Jamie--sorry to butt in here :) I'm glad you're feeling so much better, but I want to point out that as much as you think you feel normal now, you will continue and continue to feel so much better and more normal. I've read it from others and now experiencing myself, I continue to feel better now into my 3rd year.

Keep up the good work!

TiffanyK
01-15-2011, 06:08 PM
Laurie Ann-

Like JamieAnn I went back to work at 9 weeks. I have an administrative job as well that requires getting up and down a lot. At 4 weeks I was not ready to go back, but at 7 weeks I was itching to go back. When I went back I didn't do any half days and immediately went back to 8 hour days. I drive an hour each way to work as well which makes it a 10 hour day. Surprisingly, I didn't feel overly tired that I had to lay down as soon as I got home. However, I was going to bed by 9:00 every night for two weeks in the beginning. Now that I'm getting close to the 6 month mark I'm amazed how much I can accomplish at work and home without getting tired or feeling pain.

Don't push yourself too hard. You'll know when you're ready to go back to work.

Lilysaidwhat
01-15-2011, 08:08 PM
I've been told that my job only has to be held for 12 weeks and beyond that, they reserve the right to lay me off. I have a 2 hr commute in each direction, and while I can telecommute, I wouldn't be surprised if they "achieve savings" by eliminating my position.

I feel very pressured to try to return to work post-op 3 months and be in the office and am very worried about that. But you know what? My health isn't worth it. At the end of the day, it's a job. If I can't do it, and they lay me off, then so be it. I'll legally handle that then, but mostly I am p*ssed off that I am being forced to add "locate attorney specializing in state employment law" to my pre-op preparation.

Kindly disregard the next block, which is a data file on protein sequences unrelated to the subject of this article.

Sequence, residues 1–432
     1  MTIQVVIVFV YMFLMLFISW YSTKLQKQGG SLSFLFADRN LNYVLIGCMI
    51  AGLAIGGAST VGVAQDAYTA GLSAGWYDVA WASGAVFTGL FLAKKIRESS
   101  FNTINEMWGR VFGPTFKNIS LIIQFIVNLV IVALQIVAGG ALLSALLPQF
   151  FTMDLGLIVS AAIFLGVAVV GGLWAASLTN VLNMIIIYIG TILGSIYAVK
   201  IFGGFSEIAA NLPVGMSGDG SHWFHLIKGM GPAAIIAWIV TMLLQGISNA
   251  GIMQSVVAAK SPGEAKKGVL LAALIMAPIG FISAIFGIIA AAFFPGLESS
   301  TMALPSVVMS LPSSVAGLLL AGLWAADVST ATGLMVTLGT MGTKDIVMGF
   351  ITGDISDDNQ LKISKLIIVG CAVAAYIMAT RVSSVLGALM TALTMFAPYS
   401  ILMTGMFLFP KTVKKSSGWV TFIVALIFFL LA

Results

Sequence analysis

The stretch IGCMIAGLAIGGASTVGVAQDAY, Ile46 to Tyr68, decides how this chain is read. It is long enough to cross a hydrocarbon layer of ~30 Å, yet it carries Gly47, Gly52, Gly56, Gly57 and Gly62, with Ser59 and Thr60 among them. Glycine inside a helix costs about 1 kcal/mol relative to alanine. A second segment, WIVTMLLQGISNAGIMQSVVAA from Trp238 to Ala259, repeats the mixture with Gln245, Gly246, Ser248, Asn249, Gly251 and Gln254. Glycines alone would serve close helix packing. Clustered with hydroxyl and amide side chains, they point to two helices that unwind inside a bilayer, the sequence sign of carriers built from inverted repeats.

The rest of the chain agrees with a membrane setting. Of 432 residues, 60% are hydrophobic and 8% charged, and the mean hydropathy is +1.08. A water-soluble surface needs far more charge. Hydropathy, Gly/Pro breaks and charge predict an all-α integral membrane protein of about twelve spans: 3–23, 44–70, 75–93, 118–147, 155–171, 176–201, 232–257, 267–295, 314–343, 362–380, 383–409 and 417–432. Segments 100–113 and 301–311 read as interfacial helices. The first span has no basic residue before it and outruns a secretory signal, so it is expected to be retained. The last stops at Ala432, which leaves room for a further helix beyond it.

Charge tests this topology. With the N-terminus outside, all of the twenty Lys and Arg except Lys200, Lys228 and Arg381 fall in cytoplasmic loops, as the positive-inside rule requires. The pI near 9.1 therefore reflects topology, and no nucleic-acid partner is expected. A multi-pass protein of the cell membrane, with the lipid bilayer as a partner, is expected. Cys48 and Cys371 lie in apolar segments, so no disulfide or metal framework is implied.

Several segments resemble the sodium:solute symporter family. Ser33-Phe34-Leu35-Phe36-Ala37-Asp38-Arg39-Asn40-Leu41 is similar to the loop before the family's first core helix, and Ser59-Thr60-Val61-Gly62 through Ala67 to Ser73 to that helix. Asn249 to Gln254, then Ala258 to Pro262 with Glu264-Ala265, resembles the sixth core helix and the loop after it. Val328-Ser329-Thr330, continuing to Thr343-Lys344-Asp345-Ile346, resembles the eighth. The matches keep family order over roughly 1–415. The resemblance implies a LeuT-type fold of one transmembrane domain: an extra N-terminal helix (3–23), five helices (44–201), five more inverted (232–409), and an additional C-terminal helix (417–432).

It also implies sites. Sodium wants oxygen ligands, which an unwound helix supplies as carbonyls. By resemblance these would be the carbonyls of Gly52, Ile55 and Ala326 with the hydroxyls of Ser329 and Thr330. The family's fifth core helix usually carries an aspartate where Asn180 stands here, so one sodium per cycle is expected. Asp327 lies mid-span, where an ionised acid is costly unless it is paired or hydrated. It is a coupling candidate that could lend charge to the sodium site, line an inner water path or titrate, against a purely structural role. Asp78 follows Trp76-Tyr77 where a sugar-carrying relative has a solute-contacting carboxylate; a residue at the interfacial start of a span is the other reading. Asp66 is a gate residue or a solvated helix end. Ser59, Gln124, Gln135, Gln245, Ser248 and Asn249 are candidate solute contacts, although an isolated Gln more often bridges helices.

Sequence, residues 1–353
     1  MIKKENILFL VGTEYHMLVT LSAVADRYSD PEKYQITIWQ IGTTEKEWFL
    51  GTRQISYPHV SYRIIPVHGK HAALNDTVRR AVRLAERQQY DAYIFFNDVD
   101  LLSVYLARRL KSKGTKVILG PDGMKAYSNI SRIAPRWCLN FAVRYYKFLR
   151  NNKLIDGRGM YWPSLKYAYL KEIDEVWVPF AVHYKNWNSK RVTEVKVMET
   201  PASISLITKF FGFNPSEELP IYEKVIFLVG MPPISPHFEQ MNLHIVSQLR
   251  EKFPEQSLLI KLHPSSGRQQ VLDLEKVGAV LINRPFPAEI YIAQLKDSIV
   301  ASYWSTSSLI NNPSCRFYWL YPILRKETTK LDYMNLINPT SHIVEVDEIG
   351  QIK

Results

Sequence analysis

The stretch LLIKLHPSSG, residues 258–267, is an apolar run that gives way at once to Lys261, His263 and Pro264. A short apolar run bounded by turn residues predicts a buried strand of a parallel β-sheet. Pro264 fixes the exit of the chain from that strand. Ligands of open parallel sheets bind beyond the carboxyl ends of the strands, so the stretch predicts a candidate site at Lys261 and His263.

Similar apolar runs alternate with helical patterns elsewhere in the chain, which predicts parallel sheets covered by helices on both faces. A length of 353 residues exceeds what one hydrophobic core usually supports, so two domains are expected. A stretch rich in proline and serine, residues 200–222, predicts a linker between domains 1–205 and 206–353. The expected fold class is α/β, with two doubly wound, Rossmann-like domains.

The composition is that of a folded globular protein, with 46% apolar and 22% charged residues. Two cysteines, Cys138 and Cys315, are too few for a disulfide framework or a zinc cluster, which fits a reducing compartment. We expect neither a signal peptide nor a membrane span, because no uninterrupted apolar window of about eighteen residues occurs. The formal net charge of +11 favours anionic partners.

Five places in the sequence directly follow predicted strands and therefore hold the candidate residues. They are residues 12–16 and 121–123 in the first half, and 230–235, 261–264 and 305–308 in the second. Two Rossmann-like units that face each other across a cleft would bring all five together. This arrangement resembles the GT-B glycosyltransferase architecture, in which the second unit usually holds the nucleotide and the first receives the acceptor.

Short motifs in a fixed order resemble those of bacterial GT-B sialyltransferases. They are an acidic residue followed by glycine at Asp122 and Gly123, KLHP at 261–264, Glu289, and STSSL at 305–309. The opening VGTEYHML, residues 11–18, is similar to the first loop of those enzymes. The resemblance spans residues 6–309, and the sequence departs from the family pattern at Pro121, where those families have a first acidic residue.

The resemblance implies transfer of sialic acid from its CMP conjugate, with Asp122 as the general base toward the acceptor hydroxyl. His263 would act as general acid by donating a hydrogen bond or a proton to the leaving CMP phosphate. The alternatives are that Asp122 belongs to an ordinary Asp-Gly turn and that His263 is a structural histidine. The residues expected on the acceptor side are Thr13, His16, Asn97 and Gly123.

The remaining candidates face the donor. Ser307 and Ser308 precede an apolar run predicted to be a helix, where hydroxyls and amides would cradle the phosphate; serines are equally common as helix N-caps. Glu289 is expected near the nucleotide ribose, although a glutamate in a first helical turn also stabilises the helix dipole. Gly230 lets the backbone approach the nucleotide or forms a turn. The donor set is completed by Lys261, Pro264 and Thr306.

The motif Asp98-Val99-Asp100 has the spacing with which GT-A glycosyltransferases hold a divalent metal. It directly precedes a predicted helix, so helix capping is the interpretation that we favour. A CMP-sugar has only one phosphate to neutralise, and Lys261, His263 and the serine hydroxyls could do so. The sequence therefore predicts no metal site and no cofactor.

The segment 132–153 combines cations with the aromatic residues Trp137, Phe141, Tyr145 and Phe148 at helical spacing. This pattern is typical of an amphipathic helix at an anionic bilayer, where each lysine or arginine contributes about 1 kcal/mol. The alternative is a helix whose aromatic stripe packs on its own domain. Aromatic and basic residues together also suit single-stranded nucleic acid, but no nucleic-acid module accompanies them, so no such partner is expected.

lray
01-15-2011, 08:09 PM
It has now been 3 1/2 months since my surgery and I can't imagine returning to work now. I'm still sore, especially from my thoracoplasty area and chest tube wounds, and feel stiff and tired through most of the day. For those of us a bit older and with longer fusions, it takes longer to recup, especially if we suffered any complications. I think that I will probably be returning to work by the end of February. I see recoveries here on the forum vary so much from person to person. Also, a lot depends on you and if you feel ready to return to work. I have to keep telling myself to not feel pressured to go back.